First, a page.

Next-Gen 911 will let people stream, share pictures with dispatchers

After swiping SOS, the smart phone dials 911. Phillip Bollman

As the saying goes, a picture is worth a thousand words – and that’s exactly what first responders are hoping for as provinces prepare for Next-Generation 911.

NextGen 911 will give people the ability to send pictures, videos, and even stream the scene of an incident while on a call with a dispatcher. On top of that, callers can also send personal medical information and accessibility needs.

“911 communications and emergency communications technology is ever-evolving, and we’re in kind of a revolutionary period right now,” Regina Police Service (RPS) Communications Manager, Elizabeth Nguyen said.

Police say the technology could help officers better prepare for the scene of an incident and even provide evidence down the road.

“The ability for people to give us a clear picture of a scene, or maybe even present some evidence of what we might be encountering when we get to the scene will help us understand what it is we’re responding to,” RPS Chief, Evan Bray explained. “In some cases, it’s presented efficiencies. In other cases, it’s challenges.”

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Nguyen expects the main challenge will be working through large amounts of information.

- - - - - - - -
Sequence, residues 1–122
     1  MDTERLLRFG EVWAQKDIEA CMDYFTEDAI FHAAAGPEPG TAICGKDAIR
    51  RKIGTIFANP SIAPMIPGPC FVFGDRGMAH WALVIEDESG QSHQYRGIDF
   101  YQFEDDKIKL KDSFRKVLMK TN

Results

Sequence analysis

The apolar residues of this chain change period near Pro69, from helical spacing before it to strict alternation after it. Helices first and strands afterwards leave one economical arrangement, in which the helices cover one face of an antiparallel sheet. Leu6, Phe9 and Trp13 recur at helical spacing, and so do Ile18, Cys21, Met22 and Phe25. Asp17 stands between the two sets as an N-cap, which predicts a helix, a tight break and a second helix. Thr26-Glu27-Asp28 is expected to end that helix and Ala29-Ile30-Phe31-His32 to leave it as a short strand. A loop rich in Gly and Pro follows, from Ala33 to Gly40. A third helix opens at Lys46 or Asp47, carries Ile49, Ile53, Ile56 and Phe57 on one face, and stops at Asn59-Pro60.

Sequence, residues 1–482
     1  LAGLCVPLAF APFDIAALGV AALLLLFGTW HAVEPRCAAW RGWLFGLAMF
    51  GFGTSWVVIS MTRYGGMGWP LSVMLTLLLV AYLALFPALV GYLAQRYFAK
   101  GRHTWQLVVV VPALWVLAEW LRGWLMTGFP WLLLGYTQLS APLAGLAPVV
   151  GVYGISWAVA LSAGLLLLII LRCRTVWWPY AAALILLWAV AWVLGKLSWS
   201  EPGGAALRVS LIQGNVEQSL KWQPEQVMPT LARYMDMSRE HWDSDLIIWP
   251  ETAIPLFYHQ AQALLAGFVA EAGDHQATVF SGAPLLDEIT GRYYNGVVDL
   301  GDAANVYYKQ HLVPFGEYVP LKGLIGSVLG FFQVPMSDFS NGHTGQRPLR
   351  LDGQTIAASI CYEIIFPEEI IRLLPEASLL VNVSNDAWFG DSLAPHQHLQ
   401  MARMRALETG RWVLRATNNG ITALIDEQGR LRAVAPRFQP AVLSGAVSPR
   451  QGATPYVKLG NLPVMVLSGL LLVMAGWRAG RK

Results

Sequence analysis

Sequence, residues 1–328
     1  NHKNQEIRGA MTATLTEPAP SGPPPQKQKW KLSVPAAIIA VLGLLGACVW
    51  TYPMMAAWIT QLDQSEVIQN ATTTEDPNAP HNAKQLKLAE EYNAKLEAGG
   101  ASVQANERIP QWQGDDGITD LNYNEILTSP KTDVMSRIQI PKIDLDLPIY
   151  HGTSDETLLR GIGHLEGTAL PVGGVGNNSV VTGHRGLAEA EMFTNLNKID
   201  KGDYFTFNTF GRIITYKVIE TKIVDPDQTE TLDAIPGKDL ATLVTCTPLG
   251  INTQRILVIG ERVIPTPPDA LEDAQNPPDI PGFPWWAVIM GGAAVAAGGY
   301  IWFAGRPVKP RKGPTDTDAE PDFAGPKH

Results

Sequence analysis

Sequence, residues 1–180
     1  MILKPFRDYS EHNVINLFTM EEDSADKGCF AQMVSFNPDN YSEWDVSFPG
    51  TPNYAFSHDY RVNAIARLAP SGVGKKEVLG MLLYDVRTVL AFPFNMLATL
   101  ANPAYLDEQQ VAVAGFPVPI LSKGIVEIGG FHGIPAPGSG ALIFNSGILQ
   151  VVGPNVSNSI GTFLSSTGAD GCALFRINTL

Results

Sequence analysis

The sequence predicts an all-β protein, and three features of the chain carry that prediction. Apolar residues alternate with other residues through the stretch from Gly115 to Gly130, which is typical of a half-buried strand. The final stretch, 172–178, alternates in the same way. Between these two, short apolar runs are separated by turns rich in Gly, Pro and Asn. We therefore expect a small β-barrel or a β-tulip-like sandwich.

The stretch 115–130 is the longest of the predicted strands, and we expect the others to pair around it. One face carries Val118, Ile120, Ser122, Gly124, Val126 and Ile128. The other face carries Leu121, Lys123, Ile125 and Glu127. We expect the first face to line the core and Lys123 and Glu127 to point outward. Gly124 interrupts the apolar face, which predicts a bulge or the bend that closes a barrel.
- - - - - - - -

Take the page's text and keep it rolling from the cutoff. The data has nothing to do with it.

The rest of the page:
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“It’s also going to add a huge workload into the communications centre, whether that’s our existing communications officers or additional staff we’ll have to hire in order to process that data that comes in.”

Before NextGen 911 can roll out, all provincial emergency services need to be operating on an IP-based system, rather than an analog one.

RPS has already made the switch and said it’s working with services in Saskatoon and Prince Albert in hopes of using the new technology in 2022.

911 services are under provincial jurisdiction, but the Canadian Radio-Television Telecommunications Commission (CRTC) said all 911 service providers must be using IP technology by June 30, 2020, and have the capability to use NextGen 911 Text Messaging (based on real-time text) by Dec. 31, 2020.

The CRTC will study and decide who will pay for the upgraded systems.

NextGen 911 isn’t the only development in 911 capabilities.

People with hearing or speech impediments can sign up to send text messages to 911 in emergency situations.

Police are also using the VIPER phone system to provide location update and track a cell phone’s call history as more people ditch landlines for cellular devices.

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However, police urge people not to tag them in online posts regarding emergencies.

“There are ways for us to receive pictures and data,” Nguyen said. “You can send it to us via email, but call 911. Social Media is not the outlet to do that.

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